- PD — During the 2013-2014 school year we will provide professional learning opportunities for ECS teachers on various Saturdays during the school year. These are held at UCLA.
- Field Trips — We are looking to create opportunities for ECS students to visit industry or education venues to further their engagement in and understanding of the world of computer science. We have partnered with some industry leaders to sponsor these events and are looking for more partners.
- Teacher Gatherings — Apart from the Saturday professional development opportunities we have periodic opportunities for teachers and the ECS team to gather after work to build community and share experiences. We are looking to build inquiry groups of teachers who share a common area of practice that they would like to explore in a deeper way.
Teacher Professional Development
The ECS team has participated in the following events:
- San Jose ECS PD
- Carnegie Mellon University CS4HS
- University of Texas CS4HS
- University of Illinois at Chicago CS4HS
- Chicago Public Schools teachers
- Puerto Rico educators through the Caribbean Computing Center for Excellence
ECS Summer 2011 Institute
During the week of June 27, 2011, sixteen current ECS teachers joined up with a new cohort of eleven ECS teachers for a professional development held at UCLA. For four days, teachers collaborated in teams to prepare and model lessons from the ECS curriculum, provide feedback to one another, brainstorm ideas for how to design and evaluate formative and summative assessments, discuss and engage in inquiry-based learning, assist each other in learning how to use and teach with Scratch, and discuss equity issues both in computer science classrooms and the field of computer science at large. Whether the focus of conversation was around project-based learning, student identity in computer science classrooms related to race/ethnicity, gender, socioeconomic status, and sexuality OR around student learning with technology, teachers were exceptionally engaged and offered valuable insights from their diverse range of educational and personal experiences. This year’s PD was a significant step forwards in building an on-going and active professional learning community for LAUSD ECS teachers!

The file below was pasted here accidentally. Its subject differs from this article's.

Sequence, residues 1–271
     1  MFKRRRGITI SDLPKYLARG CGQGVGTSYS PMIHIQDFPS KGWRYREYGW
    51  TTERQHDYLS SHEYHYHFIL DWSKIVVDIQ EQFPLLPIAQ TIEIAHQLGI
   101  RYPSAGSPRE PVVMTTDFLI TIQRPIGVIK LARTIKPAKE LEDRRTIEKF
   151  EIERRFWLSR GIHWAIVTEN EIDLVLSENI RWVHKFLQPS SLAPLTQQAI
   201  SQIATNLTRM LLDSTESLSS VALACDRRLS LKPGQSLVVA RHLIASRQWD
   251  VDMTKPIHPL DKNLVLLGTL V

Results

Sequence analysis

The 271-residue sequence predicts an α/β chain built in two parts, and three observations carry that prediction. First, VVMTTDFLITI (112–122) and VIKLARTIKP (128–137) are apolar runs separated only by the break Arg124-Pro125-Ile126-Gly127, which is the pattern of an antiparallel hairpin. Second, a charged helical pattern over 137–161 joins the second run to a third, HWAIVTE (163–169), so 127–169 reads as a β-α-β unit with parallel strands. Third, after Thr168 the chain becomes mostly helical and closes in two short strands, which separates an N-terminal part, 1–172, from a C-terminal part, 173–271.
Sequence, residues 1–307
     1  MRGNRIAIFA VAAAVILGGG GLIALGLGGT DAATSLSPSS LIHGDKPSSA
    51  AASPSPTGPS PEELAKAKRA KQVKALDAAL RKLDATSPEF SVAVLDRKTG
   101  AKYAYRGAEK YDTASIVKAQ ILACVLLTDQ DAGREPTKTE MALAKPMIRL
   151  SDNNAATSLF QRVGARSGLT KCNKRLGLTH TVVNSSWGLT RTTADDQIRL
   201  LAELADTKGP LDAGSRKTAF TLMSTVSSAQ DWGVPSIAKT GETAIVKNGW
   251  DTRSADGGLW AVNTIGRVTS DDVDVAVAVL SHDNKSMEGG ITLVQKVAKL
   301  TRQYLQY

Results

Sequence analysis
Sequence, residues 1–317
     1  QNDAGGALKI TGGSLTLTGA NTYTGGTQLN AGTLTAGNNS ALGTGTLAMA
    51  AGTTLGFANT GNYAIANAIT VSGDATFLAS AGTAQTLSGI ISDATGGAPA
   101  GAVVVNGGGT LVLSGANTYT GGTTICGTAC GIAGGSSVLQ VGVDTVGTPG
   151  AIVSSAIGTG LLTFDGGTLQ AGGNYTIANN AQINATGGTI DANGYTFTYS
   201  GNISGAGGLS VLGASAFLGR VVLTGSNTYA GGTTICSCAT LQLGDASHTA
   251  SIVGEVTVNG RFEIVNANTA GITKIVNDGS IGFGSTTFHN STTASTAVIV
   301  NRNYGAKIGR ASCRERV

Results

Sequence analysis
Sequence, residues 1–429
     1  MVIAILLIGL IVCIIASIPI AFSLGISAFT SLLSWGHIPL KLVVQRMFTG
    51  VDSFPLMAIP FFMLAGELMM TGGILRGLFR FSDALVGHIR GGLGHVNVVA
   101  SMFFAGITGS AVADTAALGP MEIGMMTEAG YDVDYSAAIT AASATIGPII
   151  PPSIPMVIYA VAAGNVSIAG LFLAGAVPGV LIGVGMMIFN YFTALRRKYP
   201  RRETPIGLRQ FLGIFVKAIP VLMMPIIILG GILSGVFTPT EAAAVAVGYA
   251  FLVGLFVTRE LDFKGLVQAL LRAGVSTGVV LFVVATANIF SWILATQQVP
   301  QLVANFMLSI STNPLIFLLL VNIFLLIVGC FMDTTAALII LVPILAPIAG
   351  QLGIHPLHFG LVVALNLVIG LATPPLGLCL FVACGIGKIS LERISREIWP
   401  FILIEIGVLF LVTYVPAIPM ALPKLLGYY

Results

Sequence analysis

Summer Mobilize PD
In July 2011, five ECS teachers partnered with Math and Science educators from their respective schools to form interdisciplinary Mobilize teaching teams. Mobilize is a project in which students will use mobile phones and web services to systematically collect and interpret data about issues important to them and their communities. The goal of Mobilize is to strengthen computer science instruction throughout our educational system and to develop innovative methods for educating and engaging students in computational thinking and data analysis (please see www.mobilizingcs.org for more details about the project). These teaching teams formed an expert, Mobilize “think tank,” as teachers shared ideas about how to collaborate across disciplines, incorporate the Mobilize curriculum into their respective classrooms, design and implement community-focused research campaigns with students, and support student learning around data collection and analysis. Over the two week professional development, teachers got to experience what their students soon will be: teachers used the mobile phones to collect data through our “advertising media” and “snacking” apps, they learned how to analyze this data using various statistical programs (such as “R”), and they shared their results with each other in final presentations. Teachers also attended seminars and workshops at the UCLA Center for Embedded Network Sensing (CENS), providing an opportunity to interact with and learn alongside students attending the CENS High School Scholars Program. The Mobilize teacher community that blossomed out of this professional development will help lead other teachers who join our project in the next several years.